Fitting Room Etiquette – Do you disassemble a dress shirt?

Do you leave the pins and guts to rot if you don't like it?
Style Debate:  Taking a dress shirt apart in the fitting room

Hey Joe,

Got a random question for you.  Is it acceptable to take apart meticulously packaged dress shirts, with the pins and tissue paper and so on, in order to try them on?  I’ve done it a few times but I feel guilty about it.

– Stuart

The Case Against Taking the Shirt Apart:  The shirts that come packaged up like that are neck and sleeve measurement shirts.  That’s sizing you need to know once you hit the door, so trying it on would be unnecessary.  If you’re in shape, stick with slim fits.  Pulling out all the pins, cardboard, tissue paper and other stuff does two things:  It wastes time and it makes a mess for whoever has to clean up after you.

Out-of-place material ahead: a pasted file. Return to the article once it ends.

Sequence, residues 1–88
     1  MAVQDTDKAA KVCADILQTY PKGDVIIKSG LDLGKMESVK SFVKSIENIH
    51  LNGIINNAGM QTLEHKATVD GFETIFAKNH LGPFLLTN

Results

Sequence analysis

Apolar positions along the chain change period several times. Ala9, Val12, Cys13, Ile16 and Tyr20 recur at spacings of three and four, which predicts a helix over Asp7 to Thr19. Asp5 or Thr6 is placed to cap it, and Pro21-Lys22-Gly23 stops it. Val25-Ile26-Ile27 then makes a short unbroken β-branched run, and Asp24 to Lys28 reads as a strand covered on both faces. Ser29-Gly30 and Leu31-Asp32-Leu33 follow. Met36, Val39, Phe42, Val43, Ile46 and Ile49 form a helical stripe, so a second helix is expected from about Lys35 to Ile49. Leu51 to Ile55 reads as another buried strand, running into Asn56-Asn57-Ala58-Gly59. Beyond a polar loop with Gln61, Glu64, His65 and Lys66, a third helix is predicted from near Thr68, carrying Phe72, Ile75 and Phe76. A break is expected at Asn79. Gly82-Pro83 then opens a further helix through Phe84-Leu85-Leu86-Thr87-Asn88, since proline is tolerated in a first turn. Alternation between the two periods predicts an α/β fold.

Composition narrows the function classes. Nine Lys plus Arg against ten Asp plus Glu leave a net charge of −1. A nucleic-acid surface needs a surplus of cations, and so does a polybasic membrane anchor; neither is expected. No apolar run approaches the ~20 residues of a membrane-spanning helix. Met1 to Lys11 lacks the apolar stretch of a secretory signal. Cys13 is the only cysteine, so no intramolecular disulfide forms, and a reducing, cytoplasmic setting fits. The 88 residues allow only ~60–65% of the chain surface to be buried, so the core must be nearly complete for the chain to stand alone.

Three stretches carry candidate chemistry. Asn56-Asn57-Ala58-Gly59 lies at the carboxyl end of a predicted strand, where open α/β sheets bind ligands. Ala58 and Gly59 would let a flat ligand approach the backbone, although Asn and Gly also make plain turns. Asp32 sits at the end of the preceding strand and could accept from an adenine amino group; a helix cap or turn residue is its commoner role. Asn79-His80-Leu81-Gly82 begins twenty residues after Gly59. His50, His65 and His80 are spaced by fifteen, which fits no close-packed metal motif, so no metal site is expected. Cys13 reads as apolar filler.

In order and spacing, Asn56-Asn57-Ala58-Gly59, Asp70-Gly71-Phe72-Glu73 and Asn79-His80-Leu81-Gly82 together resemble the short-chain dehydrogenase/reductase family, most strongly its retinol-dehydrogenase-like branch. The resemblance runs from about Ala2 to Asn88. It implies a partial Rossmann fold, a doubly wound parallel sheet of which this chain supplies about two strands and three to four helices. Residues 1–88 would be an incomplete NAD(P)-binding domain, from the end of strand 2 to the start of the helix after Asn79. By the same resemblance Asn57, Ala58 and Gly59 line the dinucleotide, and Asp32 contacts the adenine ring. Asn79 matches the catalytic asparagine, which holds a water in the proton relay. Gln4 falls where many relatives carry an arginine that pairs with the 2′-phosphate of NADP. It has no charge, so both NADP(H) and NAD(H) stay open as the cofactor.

The Case For Taking the Shirt ApartNone of us should make any apologies for the antiquated way dress shirts are packaged.  It’s ludicrous, and if retailers choose to continue to waste all that money on pins, cardboard, and paper, then they’ll just have to keep picking up the mess after I’m done trying it on.  Not all slim-fit dress shirts fit as slim as others.  Not all fabrics, cotton, non-iron, or blends feel the same.  If it’s going to fit weird and feel scratchy, I want to know that NOW.  Before the purchase.  Not once it gets home.  I once got the stink eye from a floor rep in the men’s section of a department store for taking in four meticulously packaged shirts, taking them apart to try them on, and then leaving without making a purchase.  Sorry pal.  It’s part of the process.  They’re shirts.  They’re not Johnny 5.


Which side are you on?  Have you worked in retail and got stuck reassembling the things?  Leave your take below…